Town Hall artwork showcasing children’s creativity revealed
PUBLISHED: 09:12 29 June 2018 | UPDATED: 12:24 29 June 2018
The first in a series of artworks to be installed across Lowestoft has been unveiled on the historic town hall.
The inaugural art installation is being temporarily showcased on town hall as part of a cultural project, which is linked to the creation of the town’s permanent flood defences.
More than 1,000 children and various community groups have been engaged as part of the Watertight Words project – a new heritage and literacy initiative that is providing a lasting legacy for Lowestoft.
Marking the 65th anniversary of the 1953 floods, arts charity FlipSide has worked with the team behind Lowestoft’s £32m Flood Risk Management Project to deliver Watertight Words, which is part of Great Places – Making Waves Together.
Funded by Arts Council England and the Heritage Lottery, and supported by Historic England, the first installation was officially opened last night.
Numerous Watertight Words workshops were held earlier this year involving the school children and the community to explore responses to the sea, the history of flooding in the town and what the new flood defences will mean for Lowestoft. Words and phrases developed during these workshops have been used to create a series of typographical installations which will be displayed around the town as the flood defences are being constructed.
The first installation, by award-winning lettering artist Gary Breeze, is now on display across 50 panels on the exterior of the town hall – with the support of Lowestoft Town Council – with the words and phrases used developed through the workshops with poet Dean Parkin.
Participating schools visited the town hall last night. Genevieve Christie, FlipSide director, said: “It is lovely to see the tangible outcome of all the workshops. With this temporary installation on the town hall it will draw attention to the High Street and links to a future installation in London Road North and the sea defence wall.
“The two word phrases focus on a coastal community, with the panels running along the bottom using the beach with the top section like a horizon.”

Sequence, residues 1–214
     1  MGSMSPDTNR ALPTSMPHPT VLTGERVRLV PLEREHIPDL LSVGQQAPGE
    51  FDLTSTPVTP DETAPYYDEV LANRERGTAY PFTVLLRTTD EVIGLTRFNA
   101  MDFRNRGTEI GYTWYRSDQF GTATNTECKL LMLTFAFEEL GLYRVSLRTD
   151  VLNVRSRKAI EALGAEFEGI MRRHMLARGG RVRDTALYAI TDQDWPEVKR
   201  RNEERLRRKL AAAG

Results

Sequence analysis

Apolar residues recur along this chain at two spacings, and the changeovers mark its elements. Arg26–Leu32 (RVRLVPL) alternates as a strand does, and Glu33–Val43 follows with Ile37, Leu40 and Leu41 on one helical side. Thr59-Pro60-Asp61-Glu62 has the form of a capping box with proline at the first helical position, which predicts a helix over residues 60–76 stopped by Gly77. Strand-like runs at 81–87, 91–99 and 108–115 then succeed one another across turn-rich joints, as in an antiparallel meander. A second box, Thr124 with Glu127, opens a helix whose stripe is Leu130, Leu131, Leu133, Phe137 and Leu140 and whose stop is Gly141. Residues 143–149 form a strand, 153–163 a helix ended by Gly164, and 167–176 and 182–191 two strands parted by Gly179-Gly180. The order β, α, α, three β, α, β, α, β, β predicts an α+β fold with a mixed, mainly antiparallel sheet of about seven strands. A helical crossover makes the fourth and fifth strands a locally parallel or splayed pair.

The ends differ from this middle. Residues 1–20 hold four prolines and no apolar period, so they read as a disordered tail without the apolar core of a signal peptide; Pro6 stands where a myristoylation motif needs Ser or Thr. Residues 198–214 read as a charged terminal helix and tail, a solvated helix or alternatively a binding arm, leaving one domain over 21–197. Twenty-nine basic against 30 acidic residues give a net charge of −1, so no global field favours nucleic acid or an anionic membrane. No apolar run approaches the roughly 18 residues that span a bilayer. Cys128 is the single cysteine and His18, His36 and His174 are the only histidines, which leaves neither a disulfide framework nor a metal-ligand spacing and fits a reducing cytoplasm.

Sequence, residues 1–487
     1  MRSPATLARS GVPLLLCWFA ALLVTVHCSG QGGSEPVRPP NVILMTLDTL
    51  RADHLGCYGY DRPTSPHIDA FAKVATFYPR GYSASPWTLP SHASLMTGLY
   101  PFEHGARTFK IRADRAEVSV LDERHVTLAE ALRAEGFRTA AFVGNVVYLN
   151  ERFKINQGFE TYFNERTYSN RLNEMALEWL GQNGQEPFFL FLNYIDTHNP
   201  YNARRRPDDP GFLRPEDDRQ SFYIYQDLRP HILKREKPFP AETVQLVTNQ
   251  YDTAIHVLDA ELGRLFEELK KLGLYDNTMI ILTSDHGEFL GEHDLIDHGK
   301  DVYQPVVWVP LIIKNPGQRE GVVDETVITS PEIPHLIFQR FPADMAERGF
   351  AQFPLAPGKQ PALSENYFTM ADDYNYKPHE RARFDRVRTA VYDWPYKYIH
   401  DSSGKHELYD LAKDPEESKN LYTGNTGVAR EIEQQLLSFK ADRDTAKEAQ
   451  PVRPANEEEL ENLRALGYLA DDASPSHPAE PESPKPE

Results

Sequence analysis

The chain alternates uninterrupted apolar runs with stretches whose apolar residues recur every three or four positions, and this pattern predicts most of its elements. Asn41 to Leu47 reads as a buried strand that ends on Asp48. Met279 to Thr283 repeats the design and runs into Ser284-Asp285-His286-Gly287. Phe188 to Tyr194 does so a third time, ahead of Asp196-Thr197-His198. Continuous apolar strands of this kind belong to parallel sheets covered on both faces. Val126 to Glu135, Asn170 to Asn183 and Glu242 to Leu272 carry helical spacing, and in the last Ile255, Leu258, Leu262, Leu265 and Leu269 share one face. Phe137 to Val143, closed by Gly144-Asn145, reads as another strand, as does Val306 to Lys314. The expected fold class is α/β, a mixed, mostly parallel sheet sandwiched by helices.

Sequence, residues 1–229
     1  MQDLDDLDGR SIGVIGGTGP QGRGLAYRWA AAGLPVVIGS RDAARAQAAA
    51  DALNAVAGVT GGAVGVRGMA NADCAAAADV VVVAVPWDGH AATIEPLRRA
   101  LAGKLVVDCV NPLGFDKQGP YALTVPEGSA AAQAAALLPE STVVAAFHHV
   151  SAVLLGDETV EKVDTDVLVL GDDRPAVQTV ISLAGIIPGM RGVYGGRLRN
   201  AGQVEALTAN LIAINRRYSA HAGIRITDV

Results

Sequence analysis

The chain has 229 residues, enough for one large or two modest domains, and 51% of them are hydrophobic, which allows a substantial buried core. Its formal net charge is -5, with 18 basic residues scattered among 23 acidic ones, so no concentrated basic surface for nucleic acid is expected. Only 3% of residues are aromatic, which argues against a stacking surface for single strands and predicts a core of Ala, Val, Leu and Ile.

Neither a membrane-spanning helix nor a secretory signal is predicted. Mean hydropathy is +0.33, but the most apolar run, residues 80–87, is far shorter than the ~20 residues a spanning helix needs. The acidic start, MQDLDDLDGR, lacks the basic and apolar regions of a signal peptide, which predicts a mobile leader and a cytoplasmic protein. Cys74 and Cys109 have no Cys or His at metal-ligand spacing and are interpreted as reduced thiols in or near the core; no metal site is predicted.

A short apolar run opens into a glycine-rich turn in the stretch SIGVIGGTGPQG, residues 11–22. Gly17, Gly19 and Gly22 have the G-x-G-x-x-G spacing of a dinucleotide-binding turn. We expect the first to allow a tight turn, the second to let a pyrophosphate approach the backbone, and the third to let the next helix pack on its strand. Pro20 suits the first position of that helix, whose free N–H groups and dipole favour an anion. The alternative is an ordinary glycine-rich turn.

A Lowestoft Town Council spokesman said: “This project showcases Lowestoft schoolchildren’s creative spark in a way that is uplifting and inspirational.”
In addition to the temporary installations, Gary Breeze and Dean Parkin will create a piece of large-scale public art on the glass section of the brand new sea wall, which will be located on the South Pier.
The permanent flood scheme, known as the Lowestoft Flood Risk Management Project, aims to reduce the risk of flooding from the sea, rivers and from extreme rainfall. When completed, the £32m scheme will make sure that more than 400 homes and businesses are better protected, as well as supporting the economic growth and regeneration of Lowestoft for many years to come.
The main focus of the project – a multi-agency scheme between Waveney District Council, Suffolk County Council, the Environment Agency, Anglian Water and other organisations – is the creation of a permanent tidal wall which will be built around the harbour to protect against future tidal surges, with a tidal gate located near to the Bascule Bridge to prevent surge water entering Lake Lothing.
Frank Mortimer, chairman of Waveney District Council, said: “Parts of Lowestoft are vulnerable to both tidal and surface water flooding and we have seen in the past how devastating this can be for communities and businesses alike.
“The permanent defences will reduce the risks from all types of flooding in the town and provide permanent and effective flood protection for future generations. Watertight Words has given our young people, and the wider community, a wonderful opportunity to reflect how they feel about the sea and flooding.”
A Lowestoft Town Council spokesman added: “From a Lowestoft Town Council point of view, we are very happy to encourage any scheme that brings in national funds to benefit the High Street and our children and doesn’t cost local parish ratepayers a penny.
“While the art installation is temporary and will only be on the town hall for six months, the memories and pride it will bring to the children who see their words in such a prominent location will last forever.”
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